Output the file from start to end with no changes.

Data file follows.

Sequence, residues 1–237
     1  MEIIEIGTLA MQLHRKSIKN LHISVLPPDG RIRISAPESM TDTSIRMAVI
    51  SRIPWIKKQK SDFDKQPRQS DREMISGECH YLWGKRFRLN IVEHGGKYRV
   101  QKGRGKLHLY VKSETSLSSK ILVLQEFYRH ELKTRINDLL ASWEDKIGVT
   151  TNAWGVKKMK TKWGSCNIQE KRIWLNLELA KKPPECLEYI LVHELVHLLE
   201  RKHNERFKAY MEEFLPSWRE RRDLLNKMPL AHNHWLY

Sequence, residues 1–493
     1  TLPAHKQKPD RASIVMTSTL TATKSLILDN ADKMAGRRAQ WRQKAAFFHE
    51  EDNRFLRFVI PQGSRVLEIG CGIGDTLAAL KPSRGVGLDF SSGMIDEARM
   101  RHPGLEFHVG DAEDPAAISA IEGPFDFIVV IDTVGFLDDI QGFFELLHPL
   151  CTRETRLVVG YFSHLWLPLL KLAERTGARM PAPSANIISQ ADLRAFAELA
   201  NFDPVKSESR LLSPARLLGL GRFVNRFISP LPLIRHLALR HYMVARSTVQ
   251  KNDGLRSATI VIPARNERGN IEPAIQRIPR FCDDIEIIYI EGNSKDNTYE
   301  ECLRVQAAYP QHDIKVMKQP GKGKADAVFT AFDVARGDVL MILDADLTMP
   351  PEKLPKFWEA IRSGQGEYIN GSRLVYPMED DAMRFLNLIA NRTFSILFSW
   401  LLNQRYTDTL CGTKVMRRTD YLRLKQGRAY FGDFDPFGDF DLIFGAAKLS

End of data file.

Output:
Sequence, residues 1–237
     1  MEIIEIGTLA MQLHRKSIKN LHISVLPPDG RIRISAPESM TDTSIRMAVI
    51  SRIPWIKKQK SDFDKQPRQS DREMISGECH YLWGKRFRLN IVEHGGKYRV
   101  QKGRGKLHLY VKSETSLSSK ILVLQEFYRH ELKTRINDLL ASWEDKIGVT
   151  TNAWGVKKMK TKWGSCNIQE KRIWLNLELA KKPPECLEYI LVHELVHLLE
   201  RKHNERFKAY MEEFLPSWRE RRDLLNKMPL AHNHWLY

Sequence, residues 1–493
     1  TLPAHKQKPD RASIVMTSTL TATKSLILDN ADKMAGRRAQ WRQKAAFFHE
    51  EDNRFLRFVI PQGSRVLEIG CGIGDTLAAL KPSRGVGLDF SSGMIDEARM
   101  RHPGLEFHVG DAEDPAAISA IEGPFDFIVV IDTVGFLDDI QGFFELLHPL
   151  CTRETRLVVG YFSHLWLPLL KLAERTGARM PAPSANIISQ ADLRAFAELA
   201  NFDPVKSESR LLSPARLLGL GRFVNRFISP LPLIRHLALR HYMVARSTVQ
   251  KNDGLRSATI VIPARNERGN IEPAIQRIPR FCDDIEIIYI EGNSKDNTYE
   301  ECLRVQAAYP QHDIKVMKQP GKGKADAVFT AFDVARGDVL MILDADLTMP
   351  PEKLPKFWEA IRSGQGEYIN GSRLVYPMED DAMRFLNLIA NRTFSILFSW
   401  LLNQRYTDTL CGTKVMRRTD YLRLKQGRAY FGDFDPFGDF DLIFGAAKLS